Wednesday, July 28, 2010

EPA's updated Toxics Release Inventory available online

The Environmental Protection Agency's latest data on industrial releases and transfers of toxic chemicals in the United States--and in your hometown--is now available online. It covers the period between Jan. 1 and Dec. 31, 2009.

The Toxics Release Inventory (TRI) database contains environmental release and transfer data on nearly 650 chemicals and chemical categories reported to EPA by more than 21,000 industrial and other facilities. 

Using either of two online tools -- TRI Explorer or Envirofacts-- you can learn about releases and transfers of chemicals in your home town --or anywhere else in the U.S.

I tried Envirofacts and found it easy to use.  The amount of information in the database is amazing. You would expect information on major utilities and chemical and petroleum facilities, but you'll also find that the federal law can require submissions from your local gas station, auto body shop, and many other enterprises you might not expect, like schools and various commercial facilities. Envirofacts also includes a rich set of demographic and economic census data about the town you're searching.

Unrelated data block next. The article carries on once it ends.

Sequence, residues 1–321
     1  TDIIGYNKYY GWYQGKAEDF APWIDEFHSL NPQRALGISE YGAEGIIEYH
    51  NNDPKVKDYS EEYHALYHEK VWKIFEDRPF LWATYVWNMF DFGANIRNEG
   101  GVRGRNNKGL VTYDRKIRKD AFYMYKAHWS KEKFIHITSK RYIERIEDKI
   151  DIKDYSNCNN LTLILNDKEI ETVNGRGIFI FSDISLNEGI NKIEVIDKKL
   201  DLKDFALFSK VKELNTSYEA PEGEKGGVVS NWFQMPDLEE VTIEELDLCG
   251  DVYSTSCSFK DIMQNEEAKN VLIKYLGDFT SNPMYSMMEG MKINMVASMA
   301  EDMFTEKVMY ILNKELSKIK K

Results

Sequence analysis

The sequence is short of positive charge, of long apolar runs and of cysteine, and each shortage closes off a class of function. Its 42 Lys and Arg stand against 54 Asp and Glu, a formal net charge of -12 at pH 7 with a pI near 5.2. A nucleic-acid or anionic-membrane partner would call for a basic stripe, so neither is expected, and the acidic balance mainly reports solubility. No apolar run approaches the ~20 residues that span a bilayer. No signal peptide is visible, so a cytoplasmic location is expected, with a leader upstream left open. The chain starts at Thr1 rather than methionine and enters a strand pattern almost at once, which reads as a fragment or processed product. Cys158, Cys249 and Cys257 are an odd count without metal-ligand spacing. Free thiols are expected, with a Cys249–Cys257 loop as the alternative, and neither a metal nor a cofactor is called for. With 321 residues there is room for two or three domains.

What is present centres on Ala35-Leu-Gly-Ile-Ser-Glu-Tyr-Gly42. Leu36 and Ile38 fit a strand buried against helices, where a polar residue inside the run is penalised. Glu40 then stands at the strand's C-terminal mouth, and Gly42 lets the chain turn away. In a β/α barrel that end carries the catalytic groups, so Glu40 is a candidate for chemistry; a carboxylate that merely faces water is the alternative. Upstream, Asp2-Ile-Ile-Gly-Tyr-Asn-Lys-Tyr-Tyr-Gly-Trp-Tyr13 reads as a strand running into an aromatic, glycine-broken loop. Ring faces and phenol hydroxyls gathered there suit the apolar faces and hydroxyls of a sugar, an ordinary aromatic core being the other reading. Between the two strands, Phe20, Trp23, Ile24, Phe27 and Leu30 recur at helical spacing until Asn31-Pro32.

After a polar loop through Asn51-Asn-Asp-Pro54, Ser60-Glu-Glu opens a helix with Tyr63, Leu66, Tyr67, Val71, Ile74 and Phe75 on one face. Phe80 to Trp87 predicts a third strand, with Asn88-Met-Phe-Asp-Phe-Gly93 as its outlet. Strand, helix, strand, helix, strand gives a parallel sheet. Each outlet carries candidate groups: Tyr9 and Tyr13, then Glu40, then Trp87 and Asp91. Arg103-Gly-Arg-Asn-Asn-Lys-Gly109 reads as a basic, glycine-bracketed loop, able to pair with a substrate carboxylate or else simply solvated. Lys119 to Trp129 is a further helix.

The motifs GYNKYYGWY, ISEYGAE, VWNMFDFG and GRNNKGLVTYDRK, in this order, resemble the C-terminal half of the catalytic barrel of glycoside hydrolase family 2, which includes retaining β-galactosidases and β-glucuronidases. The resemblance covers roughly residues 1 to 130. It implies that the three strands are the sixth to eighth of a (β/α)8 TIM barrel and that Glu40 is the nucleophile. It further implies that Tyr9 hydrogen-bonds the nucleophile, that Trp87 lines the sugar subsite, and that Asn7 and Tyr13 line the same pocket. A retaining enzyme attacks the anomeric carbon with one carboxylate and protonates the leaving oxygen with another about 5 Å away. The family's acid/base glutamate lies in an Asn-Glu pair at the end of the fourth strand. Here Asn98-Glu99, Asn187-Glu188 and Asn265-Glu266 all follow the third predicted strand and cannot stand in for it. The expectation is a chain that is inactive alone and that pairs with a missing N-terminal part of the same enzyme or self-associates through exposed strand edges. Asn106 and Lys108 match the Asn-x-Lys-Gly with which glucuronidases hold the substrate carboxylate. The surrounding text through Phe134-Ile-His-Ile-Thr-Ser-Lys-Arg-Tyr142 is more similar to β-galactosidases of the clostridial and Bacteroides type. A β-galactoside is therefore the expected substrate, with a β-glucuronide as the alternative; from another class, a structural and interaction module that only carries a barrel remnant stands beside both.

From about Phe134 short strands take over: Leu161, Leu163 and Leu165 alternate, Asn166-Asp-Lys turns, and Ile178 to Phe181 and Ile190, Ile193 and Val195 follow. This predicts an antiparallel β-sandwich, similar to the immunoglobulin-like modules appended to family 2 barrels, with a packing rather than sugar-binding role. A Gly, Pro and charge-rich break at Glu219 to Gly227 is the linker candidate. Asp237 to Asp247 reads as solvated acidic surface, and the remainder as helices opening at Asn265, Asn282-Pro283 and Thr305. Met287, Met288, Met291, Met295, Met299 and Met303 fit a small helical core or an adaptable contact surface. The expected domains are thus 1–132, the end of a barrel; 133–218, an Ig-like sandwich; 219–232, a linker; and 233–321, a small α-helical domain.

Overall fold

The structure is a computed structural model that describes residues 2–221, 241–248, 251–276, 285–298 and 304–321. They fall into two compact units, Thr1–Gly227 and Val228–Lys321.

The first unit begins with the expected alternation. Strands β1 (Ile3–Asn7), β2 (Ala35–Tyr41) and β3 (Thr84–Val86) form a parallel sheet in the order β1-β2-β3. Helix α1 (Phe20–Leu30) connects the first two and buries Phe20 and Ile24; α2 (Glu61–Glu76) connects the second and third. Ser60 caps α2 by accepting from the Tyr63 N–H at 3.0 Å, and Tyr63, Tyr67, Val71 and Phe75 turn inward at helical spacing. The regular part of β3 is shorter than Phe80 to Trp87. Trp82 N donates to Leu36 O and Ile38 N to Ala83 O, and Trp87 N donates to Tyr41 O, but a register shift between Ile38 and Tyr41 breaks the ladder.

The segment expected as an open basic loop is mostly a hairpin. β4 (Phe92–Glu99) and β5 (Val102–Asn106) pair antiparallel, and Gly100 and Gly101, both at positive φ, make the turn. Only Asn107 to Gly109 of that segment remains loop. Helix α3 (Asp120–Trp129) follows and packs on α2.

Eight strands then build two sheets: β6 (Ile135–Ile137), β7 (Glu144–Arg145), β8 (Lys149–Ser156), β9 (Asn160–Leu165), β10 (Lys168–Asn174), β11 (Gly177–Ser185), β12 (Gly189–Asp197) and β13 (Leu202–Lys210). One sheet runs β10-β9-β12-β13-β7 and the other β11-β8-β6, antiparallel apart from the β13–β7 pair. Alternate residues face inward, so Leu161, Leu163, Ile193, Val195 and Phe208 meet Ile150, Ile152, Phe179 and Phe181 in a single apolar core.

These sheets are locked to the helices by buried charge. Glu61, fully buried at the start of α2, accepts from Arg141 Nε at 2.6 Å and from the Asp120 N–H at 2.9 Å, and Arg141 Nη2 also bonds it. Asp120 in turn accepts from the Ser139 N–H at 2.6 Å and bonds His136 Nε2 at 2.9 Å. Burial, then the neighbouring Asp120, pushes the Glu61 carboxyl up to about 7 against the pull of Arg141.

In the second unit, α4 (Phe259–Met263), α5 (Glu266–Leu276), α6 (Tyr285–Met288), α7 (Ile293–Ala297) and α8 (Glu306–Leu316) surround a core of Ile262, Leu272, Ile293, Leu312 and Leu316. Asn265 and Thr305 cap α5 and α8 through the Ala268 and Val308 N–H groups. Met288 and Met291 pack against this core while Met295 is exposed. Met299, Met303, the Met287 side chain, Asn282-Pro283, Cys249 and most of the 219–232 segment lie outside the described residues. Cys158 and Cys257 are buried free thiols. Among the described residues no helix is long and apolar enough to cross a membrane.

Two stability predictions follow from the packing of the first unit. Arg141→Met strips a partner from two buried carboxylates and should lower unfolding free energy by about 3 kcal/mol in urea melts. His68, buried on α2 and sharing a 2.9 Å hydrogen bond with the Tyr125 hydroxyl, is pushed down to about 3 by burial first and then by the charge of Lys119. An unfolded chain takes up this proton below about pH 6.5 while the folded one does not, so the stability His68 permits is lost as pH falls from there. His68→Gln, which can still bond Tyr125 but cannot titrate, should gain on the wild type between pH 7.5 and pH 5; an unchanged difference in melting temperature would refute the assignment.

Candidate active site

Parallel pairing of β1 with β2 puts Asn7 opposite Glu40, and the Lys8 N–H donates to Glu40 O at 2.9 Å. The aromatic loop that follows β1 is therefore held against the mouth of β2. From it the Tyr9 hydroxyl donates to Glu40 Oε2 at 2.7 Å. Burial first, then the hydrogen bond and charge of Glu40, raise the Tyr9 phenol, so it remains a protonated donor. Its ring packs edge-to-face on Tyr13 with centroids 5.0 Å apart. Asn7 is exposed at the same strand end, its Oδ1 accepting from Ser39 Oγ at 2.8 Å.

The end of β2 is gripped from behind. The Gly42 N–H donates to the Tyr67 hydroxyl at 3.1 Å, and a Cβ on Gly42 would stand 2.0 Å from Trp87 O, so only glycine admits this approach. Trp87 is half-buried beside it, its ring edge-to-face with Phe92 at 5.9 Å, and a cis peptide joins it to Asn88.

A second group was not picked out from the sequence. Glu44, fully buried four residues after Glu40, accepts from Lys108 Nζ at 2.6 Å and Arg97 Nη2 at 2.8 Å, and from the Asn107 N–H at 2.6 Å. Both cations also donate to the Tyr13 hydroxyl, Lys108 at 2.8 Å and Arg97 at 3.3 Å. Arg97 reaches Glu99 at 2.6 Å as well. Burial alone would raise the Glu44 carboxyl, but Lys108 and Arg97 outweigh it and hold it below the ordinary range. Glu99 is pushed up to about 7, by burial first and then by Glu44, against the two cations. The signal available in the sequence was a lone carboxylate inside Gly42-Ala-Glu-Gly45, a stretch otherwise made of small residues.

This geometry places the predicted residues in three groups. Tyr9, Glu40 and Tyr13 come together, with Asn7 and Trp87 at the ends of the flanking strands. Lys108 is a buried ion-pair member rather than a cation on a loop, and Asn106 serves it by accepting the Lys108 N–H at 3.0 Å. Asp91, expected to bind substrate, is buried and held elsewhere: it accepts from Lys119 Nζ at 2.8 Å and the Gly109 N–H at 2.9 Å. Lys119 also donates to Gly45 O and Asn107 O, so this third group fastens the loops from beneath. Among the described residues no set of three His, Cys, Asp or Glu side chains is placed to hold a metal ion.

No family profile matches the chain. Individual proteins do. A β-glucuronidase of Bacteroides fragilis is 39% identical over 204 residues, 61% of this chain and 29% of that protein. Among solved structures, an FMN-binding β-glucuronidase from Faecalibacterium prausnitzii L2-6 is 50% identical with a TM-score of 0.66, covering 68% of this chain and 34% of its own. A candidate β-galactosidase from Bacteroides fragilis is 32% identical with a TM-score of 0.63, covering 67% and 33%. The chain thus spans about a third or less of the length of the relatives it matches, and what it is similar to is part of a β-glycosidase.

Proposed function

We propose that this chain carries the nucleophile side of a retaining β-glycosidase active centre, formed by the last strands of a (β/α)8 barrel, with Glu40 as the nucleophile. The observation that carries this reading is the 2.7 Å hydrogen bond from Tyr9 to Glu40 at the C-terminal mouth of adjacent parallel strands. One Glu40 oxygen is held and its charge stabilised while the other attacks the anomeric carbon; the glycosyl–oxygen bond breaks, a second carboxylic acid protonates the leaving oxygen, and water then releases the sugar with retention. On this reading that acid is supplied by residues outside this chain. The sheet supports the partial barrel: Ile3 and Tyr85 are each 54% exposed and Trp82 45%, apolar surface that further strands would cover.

Facilities must report their data by July 1st of each year. Because the data is now submitted electronically, it is available for public inspection within weeks of the submission deadline.

What you'll find today represents more than 80 percent of the data expected to be reported for 2009. The   EPA says it will continue to process paper submissions, late submissions, and to resolve issues with the electronic submissions.  The agency will update the data in August and again in September.

The EPA says it encourages the public to review the TRI data while the agency conducts its own analysis, which will be published later this year.

What's your experience, as a business or individual, with the TRI reporting process? Does its value outweigh the time and cost of preparing and submitting the information?  How accurate do you find the data?  Does the information it makes available to anyone about specific facility locations (street addresses and aerial maps) pose an unwarranted security risk?  What else? Let us know.

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